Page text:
Beef up your steak order
When the time comes for the main attraction at a steakhouse, the beefier the better.
"When I am at a steakhouse, I always prefer cuts of meat that still have their bone attached," proclaims Paul Chadwick, a senior sous chef at Shula's Steak House. He notes that the bone adds a tremendous amount of flavor, with tomahawks and porterhouses as particular favorites. He also suggests looking for grass-finished beef and dry-aged beef. "Grass-finished beef is far superior to the misleading labeled grass-fed beef," he says. "With grass-finished beef, the cattle have spent their entire lives foraging and only feeding on grass. Whereas grass-fed beef, the cattle began their life feeding on grass and then switch to a grain-based diet."
Finally, he says dry-aging adds an amazing depth of flavor. "The reason why dry-aging is so advantageous is that during the aging process moisture evaporates from the meat, concentrating its flavors, all while naturally occurring enzymes begin breaking down the steak, making it so much more tender."
Now that you know what types of steaks to look for, how about the cut? According to Fine, the must-order is the rib-eye. "This might be a bit too 'inside baseball,' but when the USDA grades a cow, it does so based on the thirteenth rib, which is where the rib-eye comes from. To me, it showcases exactly what beef should taste like." Schmidtberger is another fan of rib-eyes, "because I feel they have the most flavor compared to strip steaks or filet."
That being said, there's always a time and a place for a good filet. "It's trendy to bash filets as 'flavorless,'" says Manion. "Not every beer needs to be an IPA, you know what I mean? There is room in life for subtlety, and I do really enjoy the subtle beefiness of a filet." An added benefit of a filet, he says, is that it won't put you down for the count if you have things to do later.
In line with the splurge-worthy theme, Scott Kroener has a few particularly robust recommendations from his restaurant, Oak Steakhouse in Nashville. "We sell certified Angus beef, both wet- and dry-aged. In addition, we of Japanese A5 Wagyu beef. Considered by many to be the pinnacle of flavor and texture for beef. Highly marbled with luscious streaks of fat. the flavor is so rich that not a lot is necessary to fill you up."
Don't neglect the sides
As essential as the steaks are, don't overlook the equally important sides.
"While the steak is usually the star of the show, the sides are the supporting actors, so make sure you add your favorites to your meal." So says Ray Rastelli, Jr., butcher and president of New Jersey-based Rastelli Foods Group. "I always recommend ordering several sides to share amongst the table, as this allows everyone to be a part of a true steakhouse experience." His picks? Traditional sides like mashed potatoes, sautéed mushrooms, sautéed onions, and sautéed spinach."
As Manion describes, sides are the low-key reason why a surprising amount of people actually go to steakhouses. "Chances are the portions are huge, but you're going to need a variety," he says, suggesting two potato experiences: "One crunchy (fries, hashbrowns) to soak up the meat juices, and one creamy (mashed, gratin, baked and fully-loaded) because you need to."
Juan Rivera of Miami's ADDiKT Modern Kitchen supports that potato hypothesis. "Ideally, steak is paired with potatoes because they serve as a canvas for the savoriness. The steak juices make an excellent gravy for mashed potatoes, but my personal favorite, and highly recommended, is a truffle potato casserole."
Make sure your wine complements the food
Just as requisite with steak is a nice glass—or let's be honest, bottle—of wine.
"When it comes to your wine selections, keep in mind that your wine choice should bring out the key tones or flavor in the meal that you are eating," explains Rastelli, Jr. "Red wines are made from red grapes with the skin left on, creating a better ability to bring out the flavors in red meat. White wines are less subtle than red, as well as sweeter, so when you have the delicateness of fish, you want to choose a white wine so you don't overshadow the protein." His picks include Cabernet Sauvignon or Merlot with steak, or even a heavy oak Chardonnay.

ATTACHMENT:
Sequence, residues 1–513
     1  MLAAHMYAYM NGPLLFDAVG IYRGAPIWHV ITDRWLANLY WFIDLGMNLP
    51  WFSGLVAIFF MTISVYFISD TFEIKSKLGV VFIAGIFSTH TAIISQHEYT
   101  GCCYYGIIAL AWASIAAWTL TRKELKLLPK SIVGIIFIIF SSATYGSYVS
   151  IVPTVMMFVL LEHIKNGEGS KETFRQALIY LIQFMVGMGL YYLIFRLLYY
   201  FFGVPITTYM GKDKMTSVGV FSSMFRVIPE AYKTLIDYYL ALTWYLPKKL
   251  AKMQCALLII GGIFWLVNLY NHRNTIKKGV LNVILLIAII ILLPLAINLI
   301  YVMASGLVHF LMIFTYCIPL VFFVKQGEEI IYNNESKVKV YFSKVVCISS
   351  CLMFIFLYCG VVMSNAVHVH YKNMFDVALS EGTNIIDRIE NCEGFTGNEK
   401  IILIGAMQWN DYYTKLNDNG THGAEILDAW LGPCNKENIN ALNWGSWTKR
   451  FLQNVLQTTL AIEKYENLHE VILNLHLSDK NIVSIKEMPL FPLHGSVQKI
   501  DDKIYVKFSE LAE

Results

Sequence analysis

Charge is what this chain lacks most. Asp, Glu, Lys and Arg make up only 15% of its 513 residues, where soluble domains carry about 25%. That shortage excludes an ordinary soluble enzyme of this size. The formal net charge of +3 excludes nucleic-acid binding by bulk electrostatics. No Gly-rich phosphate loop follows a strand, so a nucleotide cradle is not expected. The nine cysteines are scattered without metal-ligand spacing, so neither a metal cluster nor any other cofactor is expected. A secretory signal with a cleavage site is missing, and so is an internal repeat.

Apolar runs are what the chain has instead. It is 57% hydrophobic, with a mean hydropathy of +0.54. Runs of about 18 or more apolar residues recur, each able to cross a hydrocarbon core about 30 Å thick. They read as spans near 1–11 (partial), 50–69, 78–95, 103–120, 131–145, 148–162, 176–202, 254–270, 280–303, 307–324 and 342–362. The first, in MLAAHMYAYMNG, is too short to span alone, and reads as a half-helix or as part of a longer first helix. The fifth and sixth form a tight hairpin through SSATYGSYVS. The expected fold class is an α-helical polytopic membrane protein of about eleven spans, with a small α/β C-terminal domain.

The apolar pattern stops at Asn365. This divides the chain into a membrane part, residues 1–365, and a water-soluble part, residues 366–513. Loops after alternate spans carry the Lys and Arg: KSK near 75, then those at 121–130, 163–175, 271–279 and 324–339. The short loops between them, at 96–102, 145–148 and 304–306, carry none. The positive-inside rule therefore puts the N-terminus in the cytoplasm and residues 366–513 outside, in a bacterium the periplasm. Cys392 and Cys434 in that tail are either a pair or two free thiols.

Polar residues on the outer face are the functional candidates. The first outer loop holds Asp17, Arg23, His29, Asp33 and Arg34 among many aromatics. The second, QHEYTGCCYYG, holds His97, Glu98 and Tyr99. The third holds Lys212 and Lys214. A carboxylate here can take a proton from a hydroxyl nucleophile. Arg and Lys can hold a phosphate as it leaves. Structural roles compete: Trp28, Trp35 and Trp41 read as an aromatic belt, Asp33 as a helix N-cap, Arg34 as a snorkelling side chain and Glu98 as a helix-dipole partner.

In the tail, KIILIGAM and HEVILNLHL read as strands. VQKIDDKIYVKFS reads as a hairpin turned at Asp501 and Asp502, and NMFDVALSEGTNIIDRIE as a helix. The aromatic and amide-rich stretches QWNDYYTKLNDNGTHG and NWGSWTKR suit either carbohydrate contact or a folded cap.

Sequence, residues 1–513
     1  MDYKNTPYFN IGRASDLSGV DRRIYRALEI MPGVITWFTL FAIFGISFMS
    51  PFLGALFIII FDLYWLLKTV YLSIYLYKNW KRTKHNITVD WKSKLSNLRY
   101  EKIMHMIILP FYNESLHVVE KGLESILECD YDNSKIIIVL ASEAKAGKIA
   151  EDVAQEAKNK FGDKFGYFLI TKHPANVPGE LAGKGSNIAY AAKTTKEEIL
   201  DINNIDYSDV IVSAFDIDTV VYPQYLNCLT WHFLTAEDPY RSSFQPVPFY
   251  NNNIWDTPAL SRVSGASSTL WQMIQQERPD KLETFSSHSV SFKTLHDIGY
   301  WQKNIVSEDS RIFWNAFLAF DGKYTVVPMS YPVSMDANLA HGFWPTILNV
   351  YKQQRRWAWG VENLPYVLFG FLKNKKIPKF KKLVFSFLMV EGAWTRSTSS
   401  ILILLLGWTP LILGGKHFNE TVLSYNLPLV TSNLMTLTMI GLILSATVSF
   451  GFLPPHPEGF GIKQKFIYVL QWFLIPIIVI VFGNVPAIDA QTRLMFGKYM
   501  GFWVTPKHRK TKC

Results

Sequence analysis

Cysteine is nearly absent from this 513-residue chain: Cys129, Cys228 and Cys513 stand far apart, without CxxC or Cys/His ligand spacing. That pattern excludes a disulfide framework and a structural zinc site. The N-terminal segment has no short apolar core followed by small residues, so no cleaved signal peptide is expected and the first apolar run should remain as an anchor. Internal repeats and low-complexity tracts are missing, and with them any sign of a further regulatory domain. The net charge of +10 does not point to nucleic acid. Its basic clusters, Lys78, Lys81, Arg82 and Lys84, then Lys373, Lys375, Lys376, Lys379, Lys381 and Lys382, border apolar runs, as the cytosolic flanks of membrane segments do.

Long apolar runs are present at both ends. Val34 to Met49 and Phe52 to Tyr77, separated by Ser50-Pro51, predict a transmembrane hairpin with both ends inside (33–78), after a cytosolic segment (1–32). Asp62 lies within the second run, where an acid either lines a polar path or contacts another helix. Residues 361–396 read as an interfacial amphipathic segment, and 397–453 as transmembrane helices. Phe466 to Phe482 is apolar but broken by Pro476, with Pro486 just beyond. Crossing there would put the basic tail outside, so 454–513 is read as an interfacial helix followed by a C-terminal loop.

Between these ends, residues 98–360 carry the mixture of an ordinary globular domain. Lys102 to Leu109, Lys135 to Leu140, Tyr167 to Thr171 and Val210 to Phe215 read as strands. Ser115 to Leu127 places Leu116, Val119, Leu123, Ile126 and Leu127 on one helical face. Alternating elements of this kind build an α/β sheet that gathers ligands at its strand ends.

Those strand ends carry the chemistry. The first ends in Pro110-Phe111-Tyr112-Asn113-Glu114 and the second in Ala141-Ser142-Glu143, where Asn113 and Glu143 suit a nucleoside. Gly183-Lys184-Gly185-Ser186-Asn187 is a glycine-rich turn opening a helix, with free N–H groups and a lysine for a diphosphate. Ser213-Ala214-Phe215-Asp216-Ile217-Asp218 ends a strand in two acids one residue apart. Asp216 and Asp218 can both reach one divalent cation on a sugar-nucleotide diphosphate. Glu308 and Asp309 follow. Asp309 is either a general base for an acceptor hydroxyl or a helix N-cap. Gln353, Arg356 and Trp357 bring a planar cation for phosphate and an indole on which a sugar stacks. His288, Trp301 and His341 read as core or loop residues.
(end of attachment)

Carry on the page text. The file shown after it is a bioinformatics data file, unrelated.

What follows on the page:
"Wine pairings are awesome, and this is where I really enjoy talking with servers and sommeliers," raves Peters, who starts his meals off with Grüner Veltliner before progressing to Barolo with steak, because it "has great tannin and an acidity that pairs well with the fattiness of a rib-eye."
For Falcon, he likes to steer clear of the stereotypically big, bold Cabernets. "I gravitate towards lighter Pinot Noirs, sakes, and if I do go heavier, I prefer something aged, which makes the wine softer on the palate. These wines pair well with the dry age, Japanese wagyu, and non-beef cuts on the menu."
Make dessert mandatory
After all those starters, steaks, sides, and wines, it can be hard to prioritize dessert, but plenty of steakhouse chefs agree that it's worth making stomach space for.
"I personally think desserts are always mandatory whenever one goes out to dinner, no matter what type of restaurant," says Vaughan, who "always get desserts because it completes the meal."
And what better way to complete a steakhouse meal than with cake? According to Wise, dessert is especially mandatory when cake is involved. "Always go for the cake choice at a steakhouse, because it's usually their signature and always worth it."
"You've come this far. Don't stop now." That's the ethos for Manion, who keeps the splurge theme going by getting "the biggest, stupidest thing they have." Examples include a gigantic slice of chocolate cake or a gargantuan ice cream sundae. "You won't regret it."
At the end of the day, a steakhouse meal is one of innate excess, decadence, and celebration splashed with champagne and enhanced with potatoes in all forms. Rather than skimp (or worse, order your steak over-cooked), these are restaurants well worth the surcharge.
"I believe the overall experience at a steakhouse is worth the expense, from the perfect wine pairing and top-quality selection of steaks to the most decadent dessert," summarizes Rivera. "Because not all steakhouses are the same, I recommend that guests select a steakhouse that provides impeccable service, knowledgeable staff, and an inviting atmosphere."